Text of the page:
When the Trans Mountain pipeline was first built in the 1950s, Indigenous people weren’t even allowed to vote in Canada, and were denied the right to hire lawyers to negotiate the route or the benefits. However far it seems we’ve come, when it comes down to it, Trudeau and his supposedly liberal government are as ready to trample rights of First Nations now as his predecessors were half a century ago.
First Nations in BC have fought Big Oil before. And they won.
It’s still a little hard to understand how Trudeau and his corporate cronies thought their pipe dreams could come true given the communities in the pipeline’s path.
Just a few years ago, Indigenous peoples led the fight against Enbridge’s Northern Gateway, which would have brought tar sands through the heart of their territories in the Great Bear Rainforest. This collective strength has now turned to Kinder Morgan, which has unwisely decided to build its pipeline through unceded territories just slightly south of those battlegrounds.
"It is completely unfathomable to me that a company that is not within Canada has dictated an ultimatum and a timeline for Canada to knowingly and willingly run over the rights of First Nations people." @UBCIC VP @ChiefBobbyc #StopKm #protecttheinlet https://t.co/iZKWxlSn3F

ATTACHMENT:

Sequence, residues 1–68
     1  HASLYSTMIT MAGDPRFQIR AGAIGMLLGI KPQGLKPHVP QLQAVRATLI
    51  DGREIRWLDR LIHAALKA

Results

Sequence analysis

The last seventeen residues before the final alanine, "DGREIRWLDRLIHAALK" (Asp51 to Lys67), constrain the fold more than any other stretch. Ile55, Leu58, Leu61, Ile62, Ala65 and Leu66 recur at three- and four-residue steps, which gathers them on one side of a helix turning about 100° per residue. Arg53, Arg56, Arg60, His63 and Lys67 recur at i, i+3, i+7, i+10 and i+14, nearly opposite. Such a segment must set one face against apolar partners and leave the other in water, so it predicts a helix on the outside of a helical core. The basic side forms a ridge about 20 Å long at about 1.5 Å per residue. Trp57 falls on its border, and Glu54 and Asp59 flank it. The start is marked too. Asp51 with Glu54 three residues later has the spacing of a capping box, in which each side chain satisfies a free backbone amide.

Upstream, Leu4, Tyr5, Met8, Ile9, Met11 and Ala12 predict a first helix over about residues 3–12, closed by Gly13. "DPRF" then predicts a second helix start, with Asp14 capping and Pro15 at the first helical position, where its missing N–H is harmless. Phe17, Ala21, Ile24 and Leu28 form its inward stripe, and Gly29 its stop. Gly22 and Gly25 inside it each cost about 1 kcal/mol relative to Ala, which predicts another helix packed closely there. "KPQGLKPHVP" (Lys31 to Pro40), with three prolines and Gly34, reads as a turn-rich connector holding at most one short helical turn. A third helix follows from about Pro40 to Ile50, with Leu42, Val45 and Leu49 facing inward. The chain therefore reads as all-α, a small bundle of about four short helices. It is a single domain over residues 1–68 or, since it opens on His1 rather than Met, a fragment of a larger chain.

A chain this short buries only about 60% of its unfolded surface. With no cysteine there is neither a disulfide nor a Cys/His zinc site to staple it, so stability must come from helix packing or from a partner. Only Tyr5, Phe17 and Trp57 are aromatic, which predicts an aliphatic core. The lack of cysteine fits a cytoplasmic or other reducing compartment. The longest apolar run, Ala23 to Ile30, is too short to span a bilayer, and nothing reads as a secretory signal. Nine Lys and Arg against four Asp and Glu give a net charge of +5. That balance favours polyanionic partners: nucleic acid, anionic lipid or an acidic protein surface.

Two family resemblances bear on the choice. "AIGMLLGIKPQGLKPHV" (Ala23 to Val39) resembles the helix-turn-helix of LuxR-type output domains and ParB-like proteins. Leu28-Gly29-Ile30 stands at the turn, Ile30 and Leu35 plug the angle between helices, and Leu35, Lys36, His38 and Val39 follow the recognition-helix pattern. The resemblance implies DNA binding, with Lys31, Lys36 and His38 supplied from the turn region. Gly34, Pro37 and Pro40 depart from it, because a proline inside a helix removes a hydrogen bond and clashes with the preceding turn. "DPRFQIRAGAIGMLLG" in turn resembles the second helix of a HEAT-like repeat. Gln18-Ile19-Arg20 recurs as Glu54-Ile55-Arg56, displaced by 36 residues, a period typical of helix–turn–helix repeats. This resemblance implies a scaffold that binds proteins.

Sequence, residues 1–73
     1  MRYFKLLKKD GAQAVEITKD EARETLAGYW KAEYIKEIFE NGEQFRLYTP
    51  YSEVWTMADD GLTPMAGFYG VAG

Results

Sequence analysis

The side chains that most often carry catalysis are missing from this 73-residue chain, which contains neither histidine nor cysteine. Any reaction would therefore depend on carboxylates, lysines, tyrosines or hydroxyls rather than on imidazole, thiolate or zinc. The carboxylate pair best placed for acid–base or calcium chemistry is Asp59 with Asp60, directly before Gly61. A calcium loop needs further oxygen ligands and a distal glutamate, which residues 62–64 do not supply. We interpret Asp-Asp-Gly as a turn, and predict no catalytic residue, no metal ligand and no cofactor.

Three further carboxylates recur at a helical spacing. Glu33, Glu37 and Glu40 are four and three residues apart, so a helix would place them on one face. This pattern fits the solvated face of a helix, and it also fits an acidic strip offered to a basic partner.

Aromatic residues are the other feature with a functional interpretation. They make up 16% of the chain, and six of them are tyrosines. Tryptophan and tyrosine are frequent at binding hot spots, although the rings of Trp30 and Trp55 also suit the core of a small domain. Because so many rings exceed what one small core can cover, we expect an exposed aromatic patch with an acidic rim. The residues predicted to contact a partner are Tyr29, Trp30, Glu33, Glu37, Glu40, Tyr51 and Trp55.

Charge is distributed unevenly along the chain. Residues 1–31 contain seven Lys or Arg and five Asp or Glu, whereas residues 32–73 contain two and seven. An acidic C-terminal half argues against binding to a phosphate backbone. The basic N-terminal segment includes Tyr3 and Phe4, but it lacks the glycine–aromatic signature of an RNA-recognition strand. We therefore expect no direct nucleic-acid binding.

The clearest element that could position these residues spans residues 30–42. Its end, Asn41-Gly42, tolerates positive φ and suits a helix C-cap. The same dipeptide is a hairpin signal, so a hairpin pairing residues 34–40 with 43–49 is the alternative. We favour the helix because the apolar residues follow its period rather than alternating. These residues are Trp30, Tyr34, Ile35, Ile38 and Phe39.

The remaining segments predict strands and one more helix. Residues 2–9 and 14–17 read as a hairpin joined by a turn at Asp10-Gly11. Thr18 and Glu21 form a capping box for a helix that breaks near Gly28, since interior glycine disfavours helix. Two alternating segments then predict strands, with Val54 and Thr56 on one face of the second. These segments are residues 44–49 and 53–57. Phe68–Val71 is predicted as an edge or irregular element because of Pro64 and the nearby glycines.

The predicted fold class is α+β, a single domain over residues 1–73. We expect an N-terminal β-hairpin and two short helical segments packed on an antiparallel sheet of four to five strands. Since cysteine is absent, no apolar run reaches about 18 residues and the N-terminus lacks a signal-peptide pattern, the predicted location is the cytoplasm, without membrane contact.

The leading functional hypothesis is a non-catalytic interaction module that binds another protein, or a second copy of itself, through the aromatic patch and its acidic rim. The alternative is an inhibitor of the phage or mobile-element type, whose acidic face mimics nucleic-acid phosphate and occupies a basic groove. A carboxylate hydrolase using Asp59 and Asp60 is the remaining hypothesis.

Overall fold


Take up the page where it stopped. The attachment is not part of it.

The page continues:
— Treaty Alliance (@Treaty_Alliance) April 16, 2018
These sovereign Nations are arguing, with every rational person on their side, that Trudeau and his government failed in their duty to obtain their consent and consult with them in good faith. They include the coastal territories of the Tsleil-Waututh, Squamish, and Musqueam, whose lands and waters encompass Vancouver, as well as the supertanker port that Kinder Morgan has already started building. Secwepemc territory alone, in the interior of so-called British Columbia, makes up more than half the pipeline route.
We are going to keep building tiny houses and place in the path of both the existing Kinder Morgan pipleine and the proposed #TransMountain. We will shut down transport of all tar sands bitumen through our #uncededSecwepemc Territory. We are the biggest Indigenous Nation in BC.